Atlantic cross currents

A UK-US email correspondence between two fine writers contains enjoyably sharp literary gossip


Frederic Raphael and Joseph Epstein are both distinguished Jewish writers in their 70s, Raphael is a novelist and Oscar-winning screenwriter; Epstein a fine essayist, superb short-story writer and some-time academic and editor. They share a dislike of most of their better-known and better-selling contemporaries, believing poetry and much else took a wrong turn about half-a-century ago, and reserving a particular hatred for enemies of Jews and Israel.

These views, and much else, they pour out in lengthy, weekly emails to each other, which are collected in this delightful, stimulating book, every page of which crackles with wisdom, wit and bile, the last being the most enjoyable.

They’ve never actually met, or even spoken on the telephone. Epstein lives in Chicago; Raphael divides his time between London and the Dordogne. After Epstein congratulated Raphael on an essay, an occasional correspondence developed and Raphael suggested formalising it with a view to publication.

The gossip is wonderful. As Raphael admits, “the literary vocation is a call to malice and envy as well as, we like to think, Higher Things.” These pages contain malice, envy and Higher Things in about equal proportions. Raphael is a man for whom the word, broiges, might have been invented: he seems to have fallen out with just about everyone he has ever dealt with, and relates the ruptures with panache and style. Epstein seems calmer, more at ease with himself but is still capable of the magisterial put-down.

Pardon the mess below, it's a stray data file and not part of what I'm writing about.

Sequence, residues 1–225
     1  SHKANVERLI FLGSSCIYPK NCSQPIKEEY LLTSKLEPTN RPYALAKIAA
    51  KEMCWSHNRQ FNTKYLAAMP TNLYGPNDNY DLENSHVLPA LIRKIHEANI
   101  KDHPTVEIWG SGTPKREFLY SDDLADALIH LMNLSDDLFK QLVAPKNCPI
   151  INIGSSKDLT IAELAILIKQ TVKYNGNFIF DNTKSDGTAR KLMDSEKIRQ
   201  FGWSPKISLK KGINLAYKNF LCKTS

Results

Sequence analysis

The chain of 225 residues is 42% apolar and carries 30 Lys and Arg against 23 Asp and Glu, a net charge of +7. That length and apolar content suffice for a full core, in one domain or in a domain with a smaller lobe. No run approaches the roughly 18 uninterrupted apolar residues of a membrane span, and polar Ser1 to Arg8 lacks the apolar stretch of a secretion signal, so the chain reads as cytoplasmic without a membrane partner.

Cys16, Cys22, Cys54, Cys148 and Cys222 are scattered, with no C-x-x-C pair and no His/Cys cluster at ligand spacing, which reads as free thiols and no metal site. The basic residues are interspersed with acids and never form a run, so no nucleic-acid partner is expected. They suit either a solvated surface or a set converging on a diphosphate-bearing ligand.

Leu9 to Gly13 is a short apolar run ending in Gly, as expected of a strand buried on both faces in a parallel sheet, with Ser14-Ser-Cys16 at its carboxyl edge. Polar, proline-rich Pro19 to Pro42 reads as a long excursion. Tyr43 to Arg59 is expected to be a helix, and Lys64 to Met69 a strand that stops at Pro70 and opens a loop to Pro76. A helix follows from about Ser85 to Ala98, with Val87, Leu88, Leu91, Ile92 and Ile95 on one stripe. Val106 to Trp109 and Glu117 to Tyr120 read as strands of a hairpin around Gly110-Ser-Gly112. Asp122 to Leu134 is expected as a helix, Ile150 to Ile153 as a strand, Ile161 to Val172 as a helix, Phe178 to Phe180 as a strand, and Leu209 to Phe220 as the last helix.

They scatter grapeshot like men who’ve been waiting a long time with loaded weapons. Gore Vidal “is best likened to a car with a dead engine whose horn nonetheless keeps sounding off” (Epstein); Isaiah Berlin “was the Gentile idea of a Jewish joke” (Raphael); Saul Bellow was “touchy, unkind, nasty, and black-hearted” (Epstein); “Kingsley Amis was the worst influence on the English novel since the war” (Raphael). Neither has much time for Harold Pinter. Why was he so angry, muses Epstein. “Pure self-righteousness, is my guess.” Spot on.

They don’t hate everybody though Raphael doesn’t seem to rate anybody much since Alcibiades; Epstein admired his fellow Chicagoan, the late Edward Shils, sociologist and polymath. But there’s another, more vulnerable side to both men, which emerges as they gradually discover more about each other, for instance that they have both lost children, Raphael his daughter Sarah, a gifted artist, Epstein his son Burt, aged 28.

Two threads run through the book: the first is their belief that the world of demanding cultural values has disappeared, replaced by inward-looking novelists, poets who have never written a memorable line, and media barbarians. The second is an exploration of what it means to be Jewish in the modern world.

They no longer care what anybody thinks of them. “Hope this doesn’t sound too smug,” writes Epstein, “but I think I have the good opinion of most of the small number of living writers I admire, and the hatred of many of those whose enmity makes me proud.” This volume will bring them many new admirers, whether they like it or not.

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